Author – Science, Environment, Travel, Children's Books
The foot of snow frosting our yard is about to get up to another foot added to it overnight. While I’m sitting here hunkered down, The Snowy Day by Ezra Jack Keats seems like the perfect book to reflect on next for my Caldecott Project. This story is a family favorite because it serves to remind us that ordinary experiences can be adventures. Do we think of snow the same way Peter does? Oh I wish for everyone that they still feel blissful, unadulterated amazement from time to time! Keats instills that youthful sense of fresh wonder by effectively observing each playful moment through the eyes of a child. That is why it appeals to me and my children. The reader is walked through Peter’s day in the same way a little mind would process the experience. The experiments Peter conducts to busy himself are so realistic. The book brilliantly provides concrete experiences with snow through words. The lessons continue when Peter goes indoors and learns another property of snow the hard way. I remember when my oldest was young enough to be deeply confused and troubled by this… “Why is he sad? Where did his snowball go?”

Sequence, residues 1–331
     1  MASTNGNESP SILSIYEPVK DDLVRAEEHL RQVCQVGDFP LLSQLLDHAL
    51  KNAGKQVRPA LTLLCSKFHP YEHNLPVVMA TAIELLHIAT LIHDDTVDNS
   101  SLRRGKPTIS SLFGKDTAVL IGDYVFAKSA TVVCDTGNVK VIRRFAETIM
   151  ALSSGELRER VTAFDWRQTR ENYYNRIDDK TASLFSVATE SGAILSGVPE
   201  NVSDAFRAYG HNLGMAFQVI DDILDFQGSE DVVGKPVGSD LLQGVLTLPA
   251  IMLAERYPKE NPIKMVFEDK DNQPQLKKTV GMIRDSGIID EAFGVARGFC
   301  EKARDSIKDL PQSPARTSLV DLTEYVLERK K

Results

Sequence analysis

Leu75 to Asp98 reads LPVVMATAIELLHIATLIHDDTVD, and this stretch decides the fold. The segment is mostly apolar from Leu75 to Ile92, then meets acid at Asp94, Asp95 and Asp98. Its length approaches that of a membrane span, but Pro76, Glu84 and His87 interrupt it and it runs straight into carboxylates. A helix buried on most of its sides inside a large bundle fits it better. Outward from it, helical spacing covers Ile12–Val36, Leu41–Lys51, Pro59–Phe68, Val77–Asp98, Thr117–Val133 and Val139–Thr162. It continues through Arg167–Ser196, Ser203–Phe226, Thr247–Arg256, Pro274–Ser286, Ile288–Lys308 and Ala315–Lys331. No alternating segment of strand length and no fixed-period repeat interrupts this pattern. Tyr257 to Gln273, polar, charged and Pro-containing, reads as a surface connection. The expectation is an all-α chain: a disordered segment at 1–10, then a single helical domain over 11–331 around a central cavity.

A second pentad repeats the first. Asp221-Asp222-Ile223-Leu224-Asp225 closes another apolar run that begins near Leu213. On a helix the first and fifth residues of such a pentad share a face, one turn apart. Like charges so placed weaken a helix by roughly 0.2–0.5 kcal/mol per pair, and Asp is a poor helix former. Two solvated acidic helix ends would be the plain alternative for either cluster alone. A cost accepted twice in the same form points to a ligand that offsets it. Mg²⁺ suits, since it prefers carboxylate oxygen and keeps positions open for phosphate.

What can a writer take from this? A truly magical children’s book is capable of disguising teaching with a tale that is charming, believable and developmentally spot-on. Also, we must never underestimate how significant everyday events can be to a kid and should try to work from that mindset.
© Katie Bieker, 2013